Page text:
If David Bowie’s eponymous song says anything about changes, it’s that they’re good for you. So it is, I’ll argue, in veterinary medicine. As one of my colleagues often observes, one day we’ll surely look back at once-rock solid veterinary policies, principles, and procedures only to find they’ve been proven obsolete or, worse, unmasked as antithetical to our Veterinary Oath. Yes, progress is a good thing!
Moreover, nothing is immune to change. Even Newtonian physics has gotten a makeover since its debut. But it’s not just our medicine, it’s everything about how we work, how our clinics run, and what our clients think. Even our patients have changed.
Come on, admit it, you never predicted you’d be spending so much time on little gargoyles with respiratory apparatuses less reliable than a McDonald’s straw, much less sharing ventilators with overwhelmed hospitals. (Who thought most specialty hospitals would have ventilators? Or even specialists?)
It’s not as if we didn’t know we’d face changes when we signed up for this profession. But few of us knew that so much would change so quickly. New tools, new tech, new training, new protocols, new expenses, new distribution alternatives, new competitors, and new pricing structures have followed the rapid shifts in client demand, student debt, online sales, payment product solutions, and corporate influence from all sides and at every level.
The result has been an industry that is almost unrecognizable from the one some of us experienced before the turn of the century. You know, the veterinary profession that once used “burnout” more as a slur against slackers and weed devotees than a clinical term cataloged in the DSM with an image of a veterinarian as poster child?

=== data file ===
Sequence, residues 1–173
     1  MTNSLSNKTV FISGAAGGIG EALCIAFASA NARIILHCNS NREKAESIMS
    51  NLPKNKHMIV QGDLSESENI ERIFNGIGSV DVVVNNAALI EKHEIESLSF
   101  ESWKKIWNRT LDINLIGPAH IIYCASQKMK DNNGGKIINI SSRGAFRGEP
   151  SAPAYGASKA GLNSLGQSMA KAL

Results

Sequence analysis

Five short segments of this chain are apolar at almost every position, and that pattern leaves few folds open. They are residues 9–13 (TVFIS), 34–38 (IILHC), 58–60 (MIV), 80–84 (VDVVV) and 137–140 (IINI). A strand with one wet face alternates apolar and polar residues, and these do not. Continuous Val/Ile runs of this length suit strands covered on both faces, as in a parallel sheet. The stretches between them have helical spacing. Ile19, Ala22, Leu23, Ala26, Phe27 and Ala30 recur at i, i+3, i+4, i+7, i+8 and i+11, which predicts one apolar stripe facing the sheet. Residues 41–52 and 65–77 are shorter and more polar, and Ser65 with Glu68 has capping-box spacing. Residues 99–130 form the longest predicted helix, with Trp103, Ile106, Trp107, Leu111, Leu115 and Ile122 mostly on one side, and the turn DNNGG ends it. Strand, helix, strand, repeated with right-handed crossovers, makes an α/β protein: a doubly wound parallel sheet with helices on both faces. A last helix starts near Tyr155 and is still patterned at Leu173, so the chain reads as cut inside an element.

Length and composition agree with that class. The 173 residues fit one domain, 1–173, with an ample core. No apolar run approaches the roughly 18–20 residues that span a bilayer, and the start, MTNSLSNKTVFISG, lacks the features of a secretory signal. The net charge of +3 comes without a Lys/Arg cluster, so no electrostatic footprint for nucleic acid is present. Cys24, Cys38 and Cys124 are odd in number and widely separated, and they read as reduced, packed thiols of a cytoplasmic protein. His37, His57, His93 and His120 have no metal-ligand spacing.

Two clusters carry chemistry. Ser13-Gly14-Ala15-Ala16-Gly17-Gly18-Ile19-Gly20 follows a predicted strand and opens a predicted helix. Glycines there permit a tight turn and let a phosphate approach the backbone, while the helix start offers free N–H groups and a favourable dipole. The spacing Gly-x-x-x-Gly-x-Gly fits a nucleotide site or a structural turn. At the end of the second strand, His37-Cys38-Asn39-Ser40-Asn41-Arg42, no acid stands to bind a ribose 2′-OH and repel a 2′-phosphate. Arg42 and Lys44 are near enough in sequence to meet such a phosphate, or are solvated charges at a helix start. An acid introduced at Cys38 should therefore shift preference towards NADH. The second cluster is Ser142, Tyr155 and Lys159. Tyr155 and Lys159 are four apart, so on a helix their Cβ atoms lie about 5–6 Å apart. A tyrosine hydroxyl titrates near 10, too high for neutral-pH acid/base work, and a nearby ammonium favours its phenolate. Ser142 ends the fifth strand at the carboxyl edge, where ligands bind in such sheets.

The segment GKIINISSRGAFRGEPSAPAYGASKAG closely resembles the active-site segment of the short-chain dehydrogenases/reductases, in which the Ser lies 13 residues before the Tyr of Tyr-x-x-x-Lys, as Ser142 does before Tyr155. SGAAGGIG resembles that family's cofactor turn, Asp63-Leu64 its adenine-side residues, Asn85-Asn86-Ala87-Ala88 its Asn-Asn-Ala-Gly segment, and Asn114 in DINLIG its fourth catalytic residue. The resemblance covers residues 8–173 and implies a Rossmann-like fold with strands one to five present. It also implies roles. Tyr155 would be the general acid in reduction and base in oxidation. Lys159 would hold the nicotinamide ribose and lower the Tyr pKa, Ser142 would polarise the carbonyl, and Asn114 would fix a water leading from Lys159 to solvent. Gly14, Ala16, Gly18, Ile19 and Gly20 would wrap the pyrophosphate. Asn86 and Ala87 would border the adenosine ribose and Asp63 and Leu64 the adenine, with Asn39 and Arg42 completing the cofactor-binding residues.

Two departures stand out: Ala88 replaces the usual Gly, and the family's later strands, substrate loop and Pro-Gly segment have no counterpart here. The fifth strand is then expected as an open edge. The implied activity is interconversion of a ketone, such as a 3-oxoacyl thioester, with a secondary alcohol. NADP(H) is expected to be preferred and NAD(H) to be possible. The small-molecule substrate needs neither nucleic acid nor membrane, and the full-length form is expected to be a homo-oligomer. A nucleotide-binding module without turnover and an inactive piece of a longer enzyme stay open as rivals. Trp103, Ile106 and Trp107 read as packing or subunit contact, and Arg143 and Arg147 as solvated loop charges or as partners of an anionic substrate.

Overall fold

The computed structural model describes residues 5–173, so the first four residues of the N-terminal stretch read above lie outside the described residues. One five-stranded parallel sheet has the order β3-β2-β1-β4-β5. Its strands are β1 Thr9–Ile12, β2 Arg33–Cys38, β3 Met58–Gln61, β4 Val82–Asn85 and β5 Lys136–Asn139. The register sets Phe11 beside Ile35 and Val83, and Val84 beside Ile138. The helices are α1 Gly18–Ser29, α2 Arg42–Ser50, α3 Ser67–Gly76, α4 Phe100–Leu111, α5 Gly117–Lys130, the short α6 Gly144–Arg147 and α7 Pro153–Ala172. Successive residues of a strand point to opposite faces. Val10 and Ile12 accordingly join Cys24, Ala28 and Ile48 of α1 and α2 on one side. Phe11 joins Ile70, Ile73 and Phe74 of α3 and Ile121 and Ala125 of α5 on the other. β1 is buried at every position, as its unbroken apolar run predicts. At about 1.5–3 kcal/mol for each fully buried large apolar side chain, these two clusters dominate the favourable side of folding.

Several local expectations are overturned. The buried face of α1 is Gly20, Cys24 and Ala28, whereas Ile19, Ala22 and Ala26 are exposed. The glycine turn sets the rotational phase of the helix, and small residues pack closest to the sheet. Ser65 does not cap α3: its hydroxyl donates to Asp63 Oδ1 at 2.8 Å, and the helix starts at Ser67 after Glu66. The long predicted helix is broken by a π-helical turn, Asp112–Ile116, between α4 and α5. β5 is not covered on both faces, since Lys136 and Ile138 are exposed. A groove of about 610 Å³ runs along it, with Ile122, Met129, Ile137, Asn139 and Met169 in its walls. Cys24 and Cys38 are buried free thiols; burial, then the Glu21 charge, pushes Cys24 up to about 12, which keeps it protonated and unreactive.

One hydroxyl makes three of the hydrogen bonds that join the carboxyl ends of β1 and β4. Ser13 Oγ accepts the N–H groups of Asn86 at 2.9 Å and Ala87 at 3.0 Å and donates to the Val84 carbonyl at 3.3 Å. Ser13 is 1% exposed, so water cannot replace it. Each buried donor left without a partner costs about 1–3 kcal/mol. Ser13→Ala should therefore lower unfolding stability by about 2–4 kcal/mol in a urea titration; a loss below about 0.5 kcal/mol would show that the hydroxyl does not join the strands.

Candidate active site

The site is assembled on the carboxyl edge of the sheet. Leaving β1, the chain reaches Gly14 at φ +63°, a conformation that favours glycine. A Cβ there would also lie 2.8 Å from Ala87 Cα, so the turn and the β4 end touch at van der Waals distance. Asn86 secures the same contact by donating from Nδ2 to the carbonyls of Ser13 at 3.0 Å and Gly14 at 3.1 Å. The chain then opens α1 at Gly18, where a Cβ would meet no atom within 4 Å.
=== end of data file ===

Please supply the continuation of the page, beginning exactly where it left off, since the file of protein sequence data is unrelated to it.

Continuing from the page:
Indeed, we’ve changed. As a 1995 graduate, practice owner, and “burnout” alum who’s yet to pay off her debt can attest, it’s been a bumpy ride—one characterized by an accelerating trajectory and the occasional, unwelcome hairpin turn. Say anything about our profession over the past two decades, but never that it’s been boring.
The pandemic factor
Even so, nothing could have possibly prepared us for the adventures COVID has forced us to endure. On the one hand, COVID has further accelerated the adoption of pets as family members—a positive change as most of us see it. Argue about the role of social isolation and divisiveness all you want, but an increased reliance on pets is one healthy coping mechanism I think we can all get behind.
On the other, the sense of urgency and degree of attachment that comes with this development have made it hard for us to meet expectations given the limitations we’re laboring under.
Social distancing guidelines are undoubtedly indispensable to staying safe, yet they’re absolutely impossible to uniformly enforce. They are also inconveniently timed. Unfortunately, they have arrived just in time to upset a client base that’s more ill-disposed than ever towards accepting any separation gracefully.
Not only is everyone cranky (that just goes without saying and was doubly, true during the holidays and their concomitant COVID spikes), but many of our clients are simply not used to being separated from their pets after almost a year in lockdown. Most have already been separated from family members and may also be experiencing grief to varying degrees. Stir in the illness or death of a pet, and what once seemed a quotidian occupational hazard gets ratcheted up a few notches.
The trouble is this emotional turmoil in our clients doesn’t just trickle down, it gets mirrored—in real time—by us. It’s been especially hard to act like an adult in the room when you’ve just been yelled at, hung up on, one star-reviewed, or even sued by a client.